Meanwhile, another group of Americans — also despairing, also off the tracks — walks into a Vietnamese village and kills everyone there. Children, women, old men. They kill every living thing, even livestock, and burn the place to the ground.

And the question is, What is terrorism? And what is violence?

In the book you also state that a phone call was made to the Pentagon a half-hour in advance warning them to evacuate that part of the building. But reading this entire passage — and remembering the era — what baffles me is how could you possibly ever believe that doing things like this would be an effective way to getting what you wanted?

What we thought we were doing was to raise a screaming alarm — to try to wake up anybody who was still sleepwalking to the reality of what was going on in our name. Frankly, I look back at it, and I don’t claim or claim in the book, any particular heroism or status as leaders in any sense. What I do try to point out is that 1968 comes and the war is massively unpopular and our democracy can’t grapple with that. It can’t end the war somehow. And those of us who are committed to ending the war did many, many different things. Some went to Europe and Africa to get away from the madness. Some went to the communes of Vermont and California to start an alternative life. Some went into the factories of the Northeast to organize the workers. My younger brother actually enlisted in the Army and tried to build a serviceman’s union. You talk about nuts. Was that nuts? It was admirable and a little unrealistic. […]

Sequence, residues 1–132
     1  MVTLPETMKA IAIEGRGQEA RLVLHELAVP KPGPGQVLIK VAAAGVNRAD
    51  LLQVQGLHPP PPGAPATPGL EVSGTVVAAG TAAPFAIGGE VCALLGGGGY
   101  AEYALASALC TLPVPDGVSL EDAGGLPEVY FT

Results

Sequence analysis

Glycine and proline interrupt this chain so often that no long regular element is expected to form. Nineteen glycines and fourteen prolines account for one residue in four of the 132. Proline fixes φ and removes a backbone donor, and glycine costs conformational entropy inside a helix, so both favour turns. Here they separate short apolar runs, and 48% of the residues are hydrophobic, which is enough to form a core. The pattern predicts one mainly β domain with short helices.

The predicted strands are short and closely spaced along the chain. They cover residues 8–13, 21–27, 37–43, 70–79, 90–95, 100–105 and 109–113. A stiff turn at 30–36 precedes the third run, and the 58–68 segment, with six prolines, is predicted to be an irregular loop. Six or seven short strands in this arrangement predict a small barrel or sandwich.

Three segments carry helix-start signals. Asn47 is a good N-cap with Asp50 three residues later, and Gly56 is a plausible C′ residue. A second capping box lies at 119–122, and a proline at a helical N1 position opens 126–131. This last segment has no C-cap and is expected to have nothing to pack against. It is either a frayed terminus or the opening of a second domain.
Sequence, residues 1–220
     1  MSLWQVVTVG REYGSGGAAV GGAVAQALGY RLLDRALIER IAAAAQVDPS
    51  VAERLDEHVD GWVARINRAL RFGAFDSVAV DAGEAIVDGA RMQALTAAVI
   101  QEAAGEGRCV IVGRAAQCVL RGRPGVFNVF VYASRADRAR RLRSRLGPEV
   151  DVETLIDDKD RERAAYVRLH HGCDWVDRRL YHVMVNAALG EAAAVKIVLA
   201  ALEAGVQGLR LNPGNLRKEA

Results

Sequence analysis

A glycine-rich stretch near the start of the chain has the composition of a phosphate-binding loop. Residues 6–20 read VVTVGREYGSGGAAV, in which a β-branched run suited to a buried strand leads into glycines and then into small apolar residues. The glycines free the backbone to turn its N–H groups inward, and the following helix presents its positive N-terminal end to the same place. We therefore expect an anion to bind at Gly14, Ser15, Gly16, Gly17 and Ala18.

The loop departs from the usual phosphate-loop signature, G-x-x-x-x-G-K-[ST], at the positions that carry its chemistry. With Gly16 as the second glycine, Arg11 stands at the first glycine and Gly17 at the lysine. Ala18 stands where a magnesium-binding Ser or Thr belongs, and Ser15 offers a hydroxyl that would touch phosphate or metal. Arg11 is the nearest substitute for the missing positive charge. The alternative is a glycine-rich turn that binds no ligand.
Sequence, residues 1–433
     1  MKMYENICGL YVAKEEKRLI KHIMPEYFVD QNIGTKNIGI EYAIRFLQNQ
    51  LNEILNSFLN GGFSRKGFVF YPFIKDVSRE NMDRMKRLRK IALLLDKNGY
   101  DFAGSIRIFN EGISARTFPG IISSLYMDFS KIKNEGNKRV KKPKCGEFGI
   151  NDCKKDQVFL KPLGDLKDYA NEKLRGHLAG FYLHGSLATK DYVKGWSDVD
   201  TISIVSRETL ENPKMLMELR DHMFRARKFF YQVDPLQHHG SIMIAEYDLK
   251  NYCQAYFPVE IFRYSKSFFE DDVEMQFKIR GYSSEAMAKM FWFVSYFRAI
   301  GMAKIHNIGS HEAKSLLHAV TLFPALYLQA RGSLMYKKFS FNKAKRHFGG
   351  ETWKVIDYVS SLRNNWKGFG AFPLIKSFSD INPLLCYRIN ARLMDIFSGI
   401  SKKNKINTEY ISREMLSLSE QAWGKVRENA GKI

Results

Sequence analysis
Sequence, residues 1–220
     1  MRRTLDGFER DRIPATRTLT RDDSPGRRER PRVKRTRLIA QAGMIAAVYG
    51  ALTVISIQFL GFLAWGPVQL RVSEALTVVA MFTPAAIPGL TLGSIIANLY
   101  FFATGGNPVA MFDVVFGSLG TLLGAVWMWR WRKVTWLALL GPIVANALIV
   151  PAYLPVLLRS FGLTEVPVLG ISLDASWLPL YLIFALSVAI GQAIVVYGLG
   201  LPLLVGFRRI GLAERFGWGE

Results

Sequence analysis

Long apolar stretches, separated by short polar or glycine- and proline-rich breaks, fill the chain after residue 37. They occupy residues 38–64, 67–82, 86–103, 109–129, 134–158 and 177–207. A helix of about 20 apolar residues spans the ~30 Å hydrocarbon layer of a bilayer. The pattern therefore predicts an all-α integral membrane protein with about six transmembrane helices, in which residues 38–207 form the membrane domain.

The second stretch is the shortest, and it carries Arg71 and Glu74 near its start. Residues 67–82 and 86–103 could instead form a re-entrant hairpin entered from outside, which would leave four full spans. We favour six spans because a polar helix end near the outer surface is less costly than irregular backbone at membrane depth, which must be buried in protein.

History is always lived looking forward not backward. What are we doing now to end two unpopular wars? Two wars without end. What are we doing? And I would argue that we’re not doing enough, those of us who see the war as illegal, immoral, unwinnable. What are we doing to stop it?

Fascinating. I am opposed to violence, but people always make ethical decisions from within a subjective point of view. From within Ayers’s frame of reference, you can see why he felt justified in resorting to “extreme vandalism”.